Ms. Nasuven Enares, is an ambitious and articulate Australian South Sea Islander (ASSI), born in Australia of Vanuatu heritage, from the late Moses Toupay Enares born in Ianurat Village, North Tanna and late Emily May Enares (nee Sendy), whose mother and father were born on West Ambae and Waluriki and were not known to each other before entering Australia.

Nasuven is a successful applicant to present a paper to the Pacific Arts Association, 13th International Symposium on Black birding title of ‘Torn between two Worlds’ Event on March 25-28 2019.

Nasuven is one of the only two surviving 1st descendants of Australia’s ‘Black birding’ era of the late 19th century. Racism was at a high level when she started school, was not allowed to use her cultural name Nasuven and was given ‘Zoe’ instead.

She survived under the watchful eyes of her loving parents. Nasuven is very ambitiously studying a double degree at USP in Port Vila.

However (currently) on deferment, was the National Preisesdnt of the Australian south Sea Islanders United Council from 1991 for six years during which she address the ‘Working Group on Indigenous and Minorities’ at the UN in Geneva on the Plights of ASSI’s and the underrepresented national and peoples organization in the Hague the following year.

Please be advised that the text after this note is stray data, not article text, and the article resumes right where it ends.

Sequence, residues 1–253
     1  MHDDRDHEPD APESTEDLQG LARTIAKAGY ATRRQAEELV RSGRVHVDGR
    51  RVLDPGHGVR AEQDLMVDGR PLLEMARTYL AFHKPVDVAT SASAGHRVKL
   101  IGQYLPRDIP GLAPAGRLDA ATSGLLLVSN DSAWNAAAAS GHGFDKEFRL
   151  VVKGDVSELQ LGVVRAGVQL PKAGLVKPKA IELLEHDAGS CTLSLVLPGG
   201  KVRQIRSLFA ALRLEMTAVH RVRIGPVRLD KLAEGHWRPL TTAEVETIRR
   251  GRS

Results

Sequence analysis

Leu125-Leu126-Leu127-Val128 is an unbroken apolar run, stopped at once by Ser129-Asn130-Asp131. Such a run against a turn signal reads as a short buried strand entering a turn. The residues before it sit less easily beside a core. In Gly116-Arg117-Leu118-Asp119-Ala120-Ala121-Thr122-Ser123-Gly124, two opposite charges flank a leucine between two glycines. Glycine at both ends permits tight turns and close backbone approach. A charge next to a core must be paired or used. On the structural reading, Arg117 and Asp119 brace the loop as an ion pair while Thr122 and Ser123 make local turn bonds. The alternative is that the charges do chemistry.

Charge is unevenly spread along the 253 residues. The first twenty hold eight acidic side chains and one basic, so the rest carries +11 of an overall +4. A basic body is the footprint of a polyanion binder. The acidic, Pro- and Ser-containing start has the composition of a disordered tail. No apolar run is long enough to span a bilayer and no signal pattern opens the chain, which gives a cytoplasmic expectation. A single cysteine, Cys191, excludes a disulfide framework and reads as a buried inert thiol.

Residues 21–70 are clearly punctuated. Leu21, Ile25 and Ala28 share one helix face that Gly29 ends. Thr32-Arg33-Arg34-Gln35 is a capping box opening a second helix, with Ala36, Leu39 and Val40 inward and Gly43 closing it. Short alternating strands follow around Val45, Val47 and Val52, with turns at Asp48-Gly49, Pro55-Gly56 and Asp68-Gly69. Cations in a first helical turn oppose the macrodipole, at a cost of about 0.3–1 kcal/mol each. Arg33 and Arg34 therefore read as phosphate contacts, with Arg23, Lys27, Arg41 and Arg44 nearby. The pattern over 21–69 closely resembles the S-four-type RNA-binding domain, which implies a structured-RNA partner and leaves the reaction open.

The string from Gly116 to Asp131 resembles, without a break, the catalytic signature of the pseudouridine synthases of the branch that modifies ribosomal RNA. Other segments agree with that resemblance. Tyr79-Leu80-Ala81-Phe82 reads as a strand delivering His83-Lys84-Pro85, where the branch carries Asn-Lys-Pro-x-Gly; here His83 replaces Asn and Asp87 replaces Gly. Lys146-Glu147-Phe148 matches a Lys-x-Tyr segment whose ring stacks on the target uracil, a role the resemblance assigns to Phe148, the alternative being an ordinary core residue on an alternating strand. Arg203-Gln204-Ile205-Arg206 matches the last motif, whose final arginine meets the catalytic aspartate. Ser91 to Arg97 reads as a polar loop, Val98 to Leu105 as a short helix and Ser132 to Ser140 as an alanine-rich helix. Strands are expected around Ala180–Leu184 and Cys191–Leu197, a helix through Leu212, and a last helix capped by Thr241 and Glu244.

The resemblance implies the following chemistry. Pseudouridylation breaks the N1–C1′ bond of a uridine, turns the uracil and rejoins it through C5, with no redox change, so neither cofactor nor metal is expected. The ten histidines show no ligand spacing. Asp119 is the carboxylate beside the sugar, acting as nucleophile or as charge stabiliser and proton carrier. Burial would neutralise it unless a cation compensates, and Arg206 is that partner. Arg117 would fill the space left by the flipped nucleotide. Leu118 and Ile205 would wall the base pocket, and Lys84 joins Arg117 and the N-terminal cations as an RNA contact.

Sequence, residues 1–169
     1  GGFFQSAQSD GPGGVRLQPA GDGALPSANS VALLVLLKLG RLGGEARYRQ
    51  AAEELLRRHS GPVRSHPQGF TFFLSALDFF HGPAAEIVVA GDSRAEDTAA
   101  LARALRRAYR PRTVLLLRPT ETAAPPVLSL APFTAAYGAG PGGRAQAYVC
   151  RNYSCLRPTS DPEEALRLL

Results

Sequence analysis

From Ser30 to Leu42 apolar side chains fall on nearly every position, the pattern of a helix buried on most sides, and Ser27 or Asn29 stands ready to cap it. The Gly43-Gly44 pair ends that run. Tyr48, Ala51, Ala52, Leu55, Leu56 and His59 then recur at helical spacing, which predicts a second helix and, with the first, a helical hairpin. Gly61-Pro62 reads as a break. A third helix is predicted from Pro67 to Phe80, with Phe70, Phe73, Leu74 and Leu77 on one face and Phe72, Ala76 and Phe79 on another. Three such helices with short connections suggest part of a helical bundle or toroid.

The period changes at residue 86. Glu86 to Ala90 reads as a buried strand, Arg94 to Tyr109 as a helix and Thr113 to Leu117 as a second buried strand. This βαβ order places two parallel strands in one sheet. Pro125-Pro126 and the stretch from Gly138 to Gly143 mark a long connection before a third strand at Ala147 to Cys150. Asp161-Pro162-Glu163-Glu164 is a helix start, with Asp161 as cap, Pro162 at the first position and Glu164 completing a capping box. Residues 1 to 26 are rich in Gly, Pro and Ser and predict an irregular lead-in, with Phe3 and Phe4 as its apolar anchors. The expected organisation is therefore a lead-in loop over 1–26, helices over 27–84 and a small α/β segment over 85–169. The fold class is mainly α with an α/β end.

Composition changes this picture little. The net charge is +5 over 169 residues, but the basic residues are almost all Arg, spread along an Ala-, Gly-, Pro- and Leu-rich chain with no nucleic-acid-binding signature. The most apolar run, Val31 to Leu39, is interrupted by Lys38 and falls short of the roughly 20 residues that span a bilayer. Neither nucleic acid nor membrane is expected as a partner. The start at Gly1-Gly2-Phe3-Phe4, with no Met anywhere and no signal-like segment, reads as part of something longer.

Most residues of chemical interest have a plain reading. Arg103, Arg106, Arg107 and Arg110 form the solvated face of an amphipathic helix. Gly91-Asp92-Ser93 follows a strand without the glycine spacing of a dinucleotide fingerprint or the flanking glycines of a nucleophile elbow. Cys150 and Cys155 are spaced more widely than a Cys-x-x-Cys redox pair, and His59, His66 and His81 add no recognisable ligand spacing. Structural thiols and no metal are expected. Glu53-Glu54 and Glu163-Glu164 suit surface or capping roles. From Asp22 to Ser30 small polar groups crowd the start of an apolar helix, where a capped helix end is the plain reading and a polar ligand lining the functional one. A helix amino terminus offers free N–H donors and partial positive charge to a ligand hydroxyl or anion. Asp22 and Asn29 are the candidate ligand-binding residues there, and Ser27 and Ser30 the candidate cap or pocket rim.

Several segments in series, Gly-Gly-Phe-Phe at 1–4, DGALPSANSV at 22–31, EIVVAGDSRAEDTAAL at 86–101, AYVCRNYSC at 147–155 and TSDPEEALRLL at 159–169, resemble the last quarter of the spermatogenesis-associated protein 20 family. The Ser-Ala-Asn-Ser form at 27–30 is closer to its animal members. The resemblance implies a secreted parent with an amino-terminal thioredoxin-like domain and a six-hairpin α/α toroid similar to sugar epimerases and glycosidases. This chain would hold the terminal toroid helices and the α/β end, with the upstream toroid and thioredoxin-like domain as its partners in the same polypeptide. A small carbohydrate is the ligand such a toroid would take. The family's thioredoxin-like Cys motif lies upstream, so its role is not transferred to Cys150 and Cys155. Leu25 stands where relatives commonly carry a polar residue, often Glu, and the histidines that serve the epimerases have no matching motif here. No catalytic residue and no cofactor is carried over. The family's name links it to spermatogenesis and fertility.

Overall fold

The very next year the Australian Government recognized ASSI’s as an ethic group within their own rights and she led a delegation to the National Parliament in Canberra for the announcement where special seats were reserved.

There were over 60,000 Pacific Islands of which 6% were women taken from the southern part of PNG to the archipelago of Vanuatu Islands. Their identicity included Melanesians, Micronesians and Polynesians; all experienced the onslaught of hard labour for little money, unlike white colleagues. Most of the black birding was done by scrupulous Australian including Robert Towns who the town of Townsville was named after. There were no government procedures for the recruiting of the slaves and eventually there were Government inspectors on board the recruiting ships. However they were coerced into recru9ting under UN authorised procedures. Many of the islanders on the journey died from poor living conditions, dysentery, malaria, and insufficient rations of food and clothing.

The islanders who were recruited as indentured labourers, were in fact conned and coerced often by force or against their will once they were on board the sailing ships and taken to the East coast of Australia as virtual slaves who were paid a pittance and they were forced to attend church on Sunday and most of that money was put into the ‘offering plate’. This history can be found in the John Oxley Library in Brisbane Queensland via the web.